My Dark Vanessa is a nuanced, psychologically astute character study. And it is exactly for this reason that I loved it.
First of all, Kate Elizabeth Russell took 18 years to write this novel, and it shows. The amount of thought and effort that she has put into every aspect of this novel is so apparent, from the complexities and specificities of Vanessa’s thoughts, to the inspiration behind the setting, the cultural references, and certain plot points. You only have to take one look at Russell’s Instagram to see just how much care went into her crafting of this novel, even on the micro level of the sentence.
All of this is to say, My Dark Vanessa is a nuanced novel because Russell is an author who takes care to highlight and develop detail in her story, most of all in her main character. Russell does not sugarcoat anything in this book, and though that oftentimes makes it a difficult book to read, it also makes it a stronger, more impactful one. Vanessa is as fleshed out as a character can be, and the expertly executed alternating points of view—one in the past when she’s in high school, one in the present when she’s in her early thirties—make her all the more complex and well-developed. I want to focus on the alternating points of view, here, because I think they work so effectively. In the past timeline we see Vanessa at her boarding school, starting her relationship with her English teacher. In this timeline we get the bulk of what affects Vanessa’s story: this very relationship. Then we get the present timeline, where Vanessa is in her early thirties, separated from Strane, working at a hotel. In this timeline we get a lot of the fallout of Vanessa’s relationship with Strane: the emotional and psychological fallout, yes, but also Vanessa’s reaction to being contacted by a journalist asking her to become involved in a piece about Strane’s abuse of girls at the school. Together, these two timelines complement each other brilliantly. The past timeline gives us the impetus of the story and shows us Vanessa’s vulnerability. Alongside the present timeline, though, it makes young Vanessa seem so much more naive, and old Vanessa seem so much more jaded. Each iteration of Vanessa, one from the past and one from the present, makes the qualities of the other stand out that much more in stark relief.
Critically, My Dark Vanessa does not examine Vanessa and the culture she lives in as two separate things, divorced from one another. Rather, it explores the way individual abuse is itself enshrined in a culture that glorifies and excuses abuse, specifically the sexual abuse of girls. Vanessa, in this novel, is not an aberration because she romanticizes a relationship with her teacher. This is not to say that she is a victim of the society she lives in, but that she, like everyone, is influenced by a culture in which the sexualization and abuse of girls is deeply ingrained and taken for granted.
In one scene Vanessa, still a high schooler, goes to the grocery store with her mother and indulges in deliberate, sustained eye contact with much older adult men—and they look back at her, unabashedly. And really, what could better exemplify this kind of culture than that flagrant look: the idea that there are men out there who, with the slightest of prompting, are ready to take advantage of young girls? In another scene, a middle aged man approaches Vanessa at a bowling alley and begins courting her in full view of everyone, knowing full well that she’s a minor. When I speak of the specificity and nuance of this novel, this is what I’m talking about: these quiet scenes that seem minor but speak all the more loudly because they are so quotidian. We like to think (and I’m including myself in this “we”) that there are strict mores against such abhorrent behaviour, that surely those mores not only deter but actively punish those who engage in it, but what My Dark Vanessa makes clear is that that behaviour is not just present, but in many cases runs rampant.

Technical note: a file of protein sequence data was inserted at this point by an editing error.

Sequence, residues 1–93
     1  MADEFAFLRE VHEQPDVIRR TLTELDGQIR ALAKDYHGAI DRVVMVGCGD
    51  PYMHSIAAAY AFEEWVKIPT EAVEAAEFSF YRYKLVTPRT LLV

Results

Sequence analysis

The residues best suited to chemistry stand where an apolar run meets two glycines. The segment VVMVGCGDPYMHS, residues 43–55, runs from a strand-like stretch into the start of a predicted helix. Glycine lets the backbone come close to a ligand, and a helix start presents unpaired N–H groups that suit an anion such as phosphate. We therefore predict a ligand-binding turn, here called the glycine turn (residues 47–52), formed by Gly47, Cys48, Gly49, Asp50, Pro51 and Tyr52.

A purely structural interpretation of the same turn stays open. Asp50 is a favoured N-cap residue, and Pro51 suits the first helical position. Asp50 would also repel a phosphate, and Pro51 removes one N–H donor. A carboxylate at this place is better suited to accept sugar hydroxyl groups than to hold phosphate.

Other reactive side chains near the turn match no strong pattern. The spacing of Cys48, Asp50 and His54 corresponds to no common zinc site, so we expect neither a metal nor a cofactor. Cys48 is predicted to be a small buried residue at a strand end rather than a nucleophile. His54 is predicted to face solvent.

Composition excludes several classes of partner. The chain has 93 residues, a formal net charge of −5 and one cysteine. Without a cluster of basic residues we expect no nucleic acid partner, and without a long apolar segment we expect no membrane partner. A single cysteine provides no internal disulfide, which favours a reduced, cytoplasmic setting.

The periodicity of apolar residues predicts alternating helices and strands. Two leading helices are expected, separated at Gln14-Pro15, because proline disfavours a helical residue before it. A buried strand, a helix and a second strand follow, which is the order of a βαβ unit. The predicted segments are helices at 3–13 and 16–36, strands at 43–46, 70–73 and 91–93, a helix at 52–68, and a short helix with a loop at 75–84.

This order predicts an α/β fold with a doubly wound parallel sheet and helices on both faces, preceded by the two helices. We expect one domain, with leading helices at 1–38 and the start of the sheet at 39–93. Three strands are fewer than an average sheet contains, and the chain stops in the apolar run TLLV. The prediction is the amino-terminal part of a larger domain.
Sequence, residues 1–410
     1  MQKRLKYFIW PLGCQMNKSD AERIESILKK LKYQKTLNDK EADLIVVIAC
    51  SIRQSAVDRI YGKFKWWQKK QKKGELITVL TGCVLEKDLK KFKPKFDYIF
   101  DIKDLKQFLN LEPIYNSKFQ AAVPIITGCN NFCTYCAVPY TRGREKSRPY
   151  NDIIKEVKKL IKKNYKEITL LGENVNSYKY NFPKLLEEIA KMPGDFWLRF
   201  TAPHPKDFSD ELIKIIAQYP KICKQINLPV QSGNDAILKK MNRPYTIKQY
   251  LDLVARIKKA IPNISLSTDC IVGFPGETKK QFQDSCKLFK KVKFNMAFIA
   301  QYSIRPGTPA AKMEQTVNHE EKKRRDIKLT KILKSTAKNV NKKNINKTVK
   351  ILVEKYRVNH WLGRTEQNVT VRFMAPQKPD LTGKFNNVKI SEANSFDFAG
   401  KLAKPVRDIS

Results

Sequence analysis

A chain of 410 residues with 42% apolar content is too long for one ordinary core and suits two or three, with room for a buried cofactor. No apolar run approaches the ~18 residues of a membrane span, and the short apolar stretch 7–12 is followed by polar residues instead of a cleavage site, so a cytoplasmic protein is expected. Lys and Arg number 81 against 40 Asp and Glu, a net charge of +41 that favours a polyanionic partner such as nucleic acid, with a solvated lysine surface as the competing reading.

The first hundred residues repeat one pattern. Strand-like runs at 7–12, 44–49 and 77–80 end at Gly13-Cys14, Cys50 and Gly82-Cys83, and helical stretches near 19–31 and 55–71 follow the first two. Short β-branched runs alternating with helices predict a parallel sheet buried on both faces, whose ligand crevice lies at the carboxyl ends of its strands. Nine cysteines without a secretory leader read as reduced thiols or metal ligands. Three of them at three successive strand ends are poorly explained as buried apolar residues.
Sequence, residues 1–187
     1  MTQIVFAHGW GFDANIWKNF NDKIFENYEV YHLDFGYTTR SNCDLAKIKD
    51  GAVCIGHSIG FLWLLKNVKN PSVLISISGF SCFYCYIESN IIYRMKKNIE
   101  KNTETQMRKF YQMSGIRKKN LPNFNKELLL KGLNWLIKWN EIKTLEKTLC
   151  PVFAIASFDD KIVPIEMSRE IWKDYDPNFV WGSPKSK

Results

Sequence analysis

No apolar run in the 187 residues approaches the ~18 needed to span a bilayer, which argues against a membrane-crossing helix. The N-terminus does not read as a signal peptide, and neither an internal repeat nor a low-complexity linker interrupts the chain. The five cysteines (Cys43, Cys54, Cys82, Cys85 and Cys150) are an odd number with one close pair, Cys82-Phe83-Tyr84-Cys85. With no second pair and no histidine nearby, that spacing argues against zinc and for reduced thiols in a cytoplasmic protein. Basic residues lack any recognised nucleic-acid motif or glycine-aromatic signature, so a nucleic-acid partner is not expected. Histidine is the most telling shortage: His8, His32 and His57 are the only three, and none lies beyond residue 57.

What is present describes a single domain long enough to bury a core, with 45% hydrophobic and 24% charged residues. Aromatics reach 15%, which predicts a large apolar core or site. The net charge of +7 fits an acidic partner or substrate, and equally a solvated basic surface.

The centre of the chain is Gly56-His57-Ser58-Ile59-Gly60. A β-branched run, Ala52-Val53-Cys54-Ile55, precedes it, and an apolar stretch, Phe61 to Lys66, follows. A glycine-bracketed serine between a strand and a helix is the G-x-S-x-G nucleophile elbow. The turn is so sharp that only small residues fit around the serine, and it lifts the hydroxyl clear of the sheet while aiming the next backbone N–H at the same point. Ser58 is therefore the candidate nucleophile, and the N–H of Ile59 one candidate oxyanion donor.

Beyond just focusing on the more noticeable kinds of sexual abuse—chief amongst them the relationship between Vanessa and her English teacher, Strane—Russell calls attention to more diluted, though perhaps no less harmful, forms of this behaviour. Here I am talking about the insidious forms of manipulation and power imbalances that come at the hands of men who think they are the Good Guys, but who nevertheless operate within and benefit from a framework of abuse. These are men whose ostensibly benevolent actions are made all the more dangerous by the fact that they really believe that they are doing the right thing, that they are Not Like Those Other Guys. I think this is especially concentrated in the character of Henry, who encourages an inappropriate relationship between himself and Vanessa, even though he is her college professor. Things between them never get to the level of things between Vanessa and Strane, but do they have to for the reader to question their relationship regardless?
I read My Dark Vanessa on audiobook (which is excellent, by the way), and when I read books on audiobook I typically find it hard to be specific in my reviews because I can never pinpoint specific lines or scenes. Clearly I didn’t have that problem with this novel, and I think that ultimately speaks to the quality of Russell’s writing and narrative. My Dark Vanessa is absolutely worth the hype, and then some.